Today I would like to talk to you about Poppy, 2 year old Labrador with aggressive tendencies. She was booked in with me two weeks ago for a brief consultation to discuss her behavioural issues. The owner walked in the consultation looking quite unsettled. He handed me the behavioural questionnaire I requested his family to fill out and said:
‘After going through the questionnaire, I don’t think ‘Poppy’ has a behavioural issue?’
I instantly realised how tender the subject was for this owner and that he may well indeed be in the denial period.
I asked him to tell me why he then felt this consultation was necessary and to discuss his concerns with me openly. He explained that ‘Poppy’ had nipped two family members on a few occasions over the past year and her aggressive behaviour seems to have escalated over the past 6 months. He was very concerned that her aggression seems unpredictable and was concerned she ends up causing some serious damage.
My job at that stage was to guide the owner by answering key questions to help us both trace the problem back to its roots. Unfortunately we were only booked a half an hour slot because this was the only preliminary consultation available that suited the owner.
It is crucial for me to note that I am not a qualified veterinary behaviourist yet.
I have done lots of training in this area and currently discuss all my cases closely with Dr. Gabrielle Carter, one of the only two veterinary behaviourist specialists registered in Australia. I have discovered a niche in this area of veterinary medicine and am working towards completing my membership in this area in the next 1-2 years and hopefully specialising later down the track.
On that note, you must be aware that the average veterinarian is not trained in veterinary behavioural medicine. However, before you can be referred to a veterinary behaviourist, you must go to your local veterinarian so they can examine your pet and rule in/out any underlying medical conditions and to discuss your primary concerns. ‘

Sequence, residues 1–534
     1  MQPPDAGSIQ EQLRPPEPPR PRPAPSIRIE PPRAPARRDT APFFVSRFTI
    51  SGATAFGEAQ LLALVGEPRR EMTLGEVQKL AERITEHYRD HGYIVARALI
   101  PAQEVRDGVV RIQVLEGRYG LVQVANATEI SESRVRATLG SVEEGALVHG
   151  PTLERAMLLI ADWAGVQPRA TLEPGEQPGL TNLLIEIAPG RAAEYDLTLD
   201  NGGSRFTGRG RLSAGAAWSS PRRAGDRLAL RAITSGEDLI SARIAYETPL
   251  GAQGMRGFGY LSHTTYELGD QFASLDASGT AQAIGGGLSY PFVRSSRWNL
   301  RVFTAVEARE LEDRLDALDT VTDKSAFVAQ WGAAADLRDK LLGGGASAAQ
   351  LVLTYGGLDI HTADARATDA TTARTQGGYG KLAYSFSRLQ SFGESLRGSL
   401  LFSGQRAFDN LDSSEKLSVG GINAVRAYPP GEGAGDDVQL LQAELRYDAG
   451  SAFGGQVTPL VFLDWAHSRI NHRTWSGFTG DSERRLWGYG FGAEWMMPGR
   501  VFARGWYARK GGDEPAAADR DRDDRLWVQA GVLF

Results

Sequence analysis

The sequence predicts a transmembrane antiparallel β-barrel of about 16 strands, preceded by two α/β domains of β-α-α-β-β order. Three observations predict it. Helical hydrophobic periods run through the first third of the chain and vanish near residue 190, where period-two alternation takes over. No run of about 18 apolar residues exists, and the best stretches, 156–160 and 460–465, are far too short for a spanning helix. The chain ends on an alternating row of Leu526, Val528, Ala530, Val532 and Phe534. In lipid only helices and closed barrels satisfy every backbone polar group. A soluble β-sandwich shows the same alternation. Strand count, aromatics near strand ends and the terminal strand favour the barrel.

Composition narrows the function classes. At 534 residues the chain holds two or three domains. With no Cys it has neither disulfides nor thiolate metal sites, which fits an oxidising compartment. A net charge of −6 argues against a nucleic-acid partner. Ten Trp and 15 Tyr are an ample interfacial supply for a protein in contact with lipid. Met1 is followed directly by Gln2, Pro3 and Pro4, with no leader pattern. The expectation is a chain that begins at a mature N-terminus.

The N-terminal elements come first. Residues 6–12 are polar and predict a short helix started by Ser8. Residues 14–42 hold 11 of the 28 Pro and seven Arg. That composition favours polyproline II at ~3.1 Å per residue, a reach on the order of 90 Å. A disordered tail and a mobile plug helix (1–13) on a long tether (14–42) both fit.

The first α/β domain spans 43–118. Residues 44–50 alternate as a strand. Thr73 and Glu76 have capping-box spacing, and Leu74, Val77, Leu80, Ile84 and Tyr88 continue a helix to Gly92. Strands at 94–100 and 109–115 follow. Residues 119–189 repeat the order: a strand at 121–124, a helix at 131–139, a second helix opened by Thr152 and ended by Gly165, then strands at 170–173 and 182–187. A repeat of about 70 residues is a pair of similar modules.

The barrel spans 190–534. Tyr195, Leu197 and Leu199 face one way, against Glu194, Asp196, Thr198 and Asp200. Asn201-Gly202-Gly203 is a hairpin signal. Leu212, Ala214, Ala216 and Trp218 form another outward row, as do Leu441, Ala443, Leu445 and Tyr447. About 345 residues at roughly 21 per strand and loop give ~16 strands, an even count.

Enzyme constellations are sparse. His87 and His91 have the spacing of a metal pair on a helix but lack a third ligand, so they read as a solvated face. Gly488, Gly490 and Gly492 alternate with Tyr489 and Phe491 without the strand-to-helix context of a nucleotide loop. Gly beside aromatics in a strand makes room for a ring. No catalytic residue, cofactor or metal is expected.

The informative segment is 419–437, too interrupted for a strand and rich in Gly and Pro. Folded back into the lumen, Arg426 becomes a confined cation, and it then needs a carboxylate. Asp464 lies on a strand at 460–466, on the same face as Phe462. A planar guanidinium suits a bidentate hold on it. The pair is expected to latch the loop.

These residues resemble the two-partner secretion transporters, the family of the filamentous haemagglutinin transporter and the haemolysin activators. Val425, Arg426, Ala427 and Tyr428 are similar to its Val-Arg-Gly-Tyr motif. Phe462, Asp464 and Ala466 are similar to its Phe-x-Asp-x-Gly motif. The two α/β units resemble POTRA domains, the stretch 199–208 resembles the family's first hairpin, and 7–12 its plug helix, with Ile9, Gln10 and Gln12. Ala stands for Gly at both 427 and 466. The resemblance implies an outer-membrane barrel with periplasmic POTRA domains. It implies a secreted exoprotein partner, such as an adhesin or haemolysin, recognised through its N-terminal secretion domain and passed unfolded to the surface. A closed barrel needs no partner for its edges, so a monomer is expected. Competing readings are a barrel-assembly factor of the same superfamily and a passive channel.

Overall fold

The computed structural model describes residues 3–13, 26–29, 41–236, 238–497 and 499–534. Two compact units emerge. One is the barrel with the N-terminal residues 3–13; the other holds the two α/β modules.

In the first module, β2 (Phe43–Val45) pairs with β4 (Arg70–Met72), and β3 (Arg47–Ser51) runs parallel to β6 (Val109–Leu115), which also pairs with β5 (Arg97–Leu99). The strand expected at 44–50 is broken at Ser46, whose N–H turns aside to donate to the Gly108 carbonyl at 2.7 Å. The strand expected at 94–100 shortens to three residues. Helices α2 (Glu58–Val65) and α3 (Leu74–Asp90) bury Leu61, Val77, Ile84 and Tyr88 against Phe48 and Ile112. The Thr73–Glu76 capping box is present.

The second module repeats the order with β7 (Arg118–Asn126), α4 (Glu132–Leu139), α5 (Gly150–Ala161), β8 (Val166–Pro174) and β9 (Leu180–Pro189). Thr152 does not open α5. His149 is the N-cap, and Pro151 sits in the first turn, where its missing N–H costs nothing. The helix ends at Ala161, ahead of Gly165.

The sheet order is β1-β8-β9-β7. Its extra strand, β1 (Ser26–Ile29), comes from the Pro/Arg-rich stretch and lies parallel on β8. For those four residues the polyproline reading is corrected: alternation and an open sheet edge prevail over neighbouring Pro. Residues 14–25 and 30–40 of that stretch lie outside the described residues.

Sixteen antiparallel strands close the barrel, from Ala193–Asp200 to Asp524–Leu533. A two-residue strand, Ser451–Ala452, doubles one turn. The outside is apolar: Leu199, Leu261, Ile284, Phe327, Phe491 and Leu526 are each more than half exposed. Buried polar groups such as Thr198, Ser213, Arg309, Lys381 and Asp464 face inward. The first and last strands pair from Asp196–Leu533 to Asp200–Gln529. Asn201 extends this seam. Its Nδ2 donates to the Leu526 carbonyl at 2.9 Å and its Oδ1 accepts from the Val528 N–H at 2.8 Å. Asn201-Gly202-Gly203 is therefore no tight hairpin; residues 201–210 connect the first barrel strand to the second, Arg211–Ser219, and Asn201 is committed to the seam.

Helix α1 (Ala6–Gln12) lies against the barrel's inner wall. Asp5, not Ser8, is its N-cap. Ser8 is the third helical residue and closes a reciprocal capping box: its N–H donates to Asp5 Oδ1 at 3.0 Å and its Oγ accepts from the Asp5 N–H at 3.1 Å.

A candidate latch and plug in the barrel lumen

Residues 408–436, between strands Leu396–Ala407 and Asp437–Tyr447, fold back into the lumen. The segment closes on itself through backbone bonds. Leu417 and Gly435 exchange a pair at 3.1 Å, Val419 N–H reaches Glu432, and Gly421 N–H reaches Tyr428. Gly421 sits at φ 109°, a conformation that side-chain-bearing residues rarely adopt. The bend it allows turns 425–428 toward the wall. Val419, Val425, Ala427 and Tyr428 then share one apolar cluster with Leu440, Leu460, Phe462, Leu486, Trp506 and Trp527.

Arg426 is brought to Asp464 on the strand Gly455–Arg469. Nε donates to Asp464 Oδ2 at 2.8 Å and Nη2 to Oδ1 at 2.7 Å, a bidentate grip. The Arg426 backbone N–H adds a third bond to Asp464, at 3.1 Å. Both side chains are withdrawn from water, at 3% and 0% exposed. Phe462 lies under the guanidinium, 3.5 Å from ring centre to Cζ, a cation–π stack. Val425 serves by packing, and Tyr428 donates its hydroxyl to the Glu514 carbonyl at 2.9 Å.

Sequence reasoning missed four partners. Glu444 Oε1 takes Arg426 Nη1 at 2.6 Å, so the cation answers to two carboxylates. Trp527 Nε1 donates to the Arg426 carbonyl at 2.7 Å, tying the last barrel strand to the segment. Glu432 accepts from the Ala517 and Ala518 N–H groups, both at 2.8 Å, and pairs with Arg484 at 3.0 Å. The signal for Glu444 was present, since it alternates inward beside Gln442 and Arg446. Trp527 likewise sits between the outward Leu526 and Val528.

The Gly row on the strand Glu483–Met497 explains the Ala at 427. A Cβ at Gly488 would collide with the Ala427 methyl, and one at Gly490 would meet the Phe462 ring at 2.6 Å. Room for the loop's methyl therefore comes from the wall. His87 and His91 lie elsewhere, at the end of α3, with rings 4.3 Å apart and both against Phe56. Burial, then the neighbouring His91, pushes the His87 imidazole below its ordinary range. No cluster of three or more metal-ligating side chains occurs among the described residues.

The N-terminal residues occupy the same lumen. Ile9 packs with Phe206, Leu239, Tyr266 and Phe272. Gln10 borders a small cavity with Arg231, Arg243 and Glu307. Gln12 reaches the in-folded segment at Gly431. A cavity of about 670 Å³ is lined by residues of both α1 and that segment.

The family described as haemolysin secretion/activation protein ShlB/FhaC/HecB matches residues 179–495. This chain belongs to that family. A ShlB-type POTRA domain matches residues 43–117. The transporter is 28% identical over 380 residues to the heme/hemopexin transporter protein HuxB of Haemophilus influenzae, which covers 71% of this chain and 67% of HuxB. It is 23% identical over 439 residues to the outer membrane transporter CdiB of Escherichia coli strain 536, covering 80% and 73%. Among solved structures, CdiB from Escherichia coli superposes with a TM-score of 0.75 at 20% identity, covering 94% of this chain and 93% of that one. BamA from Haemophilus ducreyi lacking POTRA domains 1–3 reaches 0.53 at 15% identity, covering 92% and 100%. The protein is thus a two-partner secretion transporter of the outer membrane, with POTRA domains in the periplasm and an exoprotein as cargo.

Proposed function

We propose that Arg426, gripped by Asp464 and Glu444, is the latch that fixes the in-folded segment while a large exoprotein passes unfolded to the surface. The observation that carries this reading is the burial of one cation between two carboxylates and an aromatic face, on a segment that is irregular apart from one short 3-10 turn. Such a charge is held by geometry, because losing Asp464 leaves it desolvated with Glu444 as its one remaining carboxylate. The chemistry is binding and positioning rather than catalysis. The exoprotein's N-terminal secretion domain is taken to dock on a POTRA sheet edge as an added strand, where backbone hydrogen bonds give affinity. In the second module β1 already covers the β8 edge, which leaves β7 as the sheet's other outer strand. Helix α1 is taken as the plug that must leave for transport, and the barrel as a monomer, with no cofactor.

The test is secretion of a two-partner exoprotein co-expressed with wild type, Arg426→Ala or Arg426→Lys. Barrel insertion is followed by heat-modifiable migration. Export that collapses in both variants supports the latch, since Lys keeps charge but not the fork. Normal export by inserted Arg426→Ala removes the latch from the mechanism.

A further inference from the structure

They will then be able to distinguish if your pet is suffering from a problem behaviour rather than a behavioural problem.
There is a clear distinction between the two. Behavioural problems include separation anxiety, noise phobia, obsessive compulsive disorder or any other type of psychological disorders and these usually require medical intervention by a qualified veterinarian; ideally one that is experienced in behavioural medicine. On the opposite spectrum, problem behaviour is a normal behaviour in a pet that is perceived as unacceptable and problematic based on where it occurs. For example, a dog with toileting issues indoors or a cat that drinks from water taps. Generally speaking, it is a normal behaviour for a dog to answer nature’s call but it is the context in where it occurs that becomes problematic. Nobody appreciates pet excrements on their carpet. It is also quite normal for a cat to want to drink from a stream of water and that is why they crave drinking from the water tap. However, again it is not hygienic to have your water taps infused with cat mouth germs.
Your local vet should be able to give you appropriate advice on how to manage a problem behaviour.
It usually only requires the vet to explain to you that it is indeed a normal behaviour but needs to be managed appropriately. For the dog that urinates/defecates indoors, if it has not been toilet trained indoors, then that’s all it needs and the areas need to be cleaned with appropriate products like urine off. As for the cat tap hogger, you just need to get it a cat fountain that it likes and encourage it to use that instead.
Sometimes some problem behaviours may indeed have an underlying medical component and if that is not addressed, things can go pear shaped quite quickly. Owners usually come to veterinarians when they have reached the end of their tether. They usually have expended all their energy on implementing advice from pet trainers, famous pet shows or even neighbours who have grown up with animals.
Clearly, people should realise their pets are individuals and their experiences can be quite variable depending on many factors: their origins, the types of people that own them, the environment they live in and the interactions they experience from when they are born until this very day. Personally I feel each one of my pets carries a unique personality and would be insulted if someone met any one of them and acted like they knew everything there is to know about them.
They all offer a range of great advice specific to each case they discuss. That particular advice may not apply to your pet and may escalate its problem behaviour or behavioural problem instead.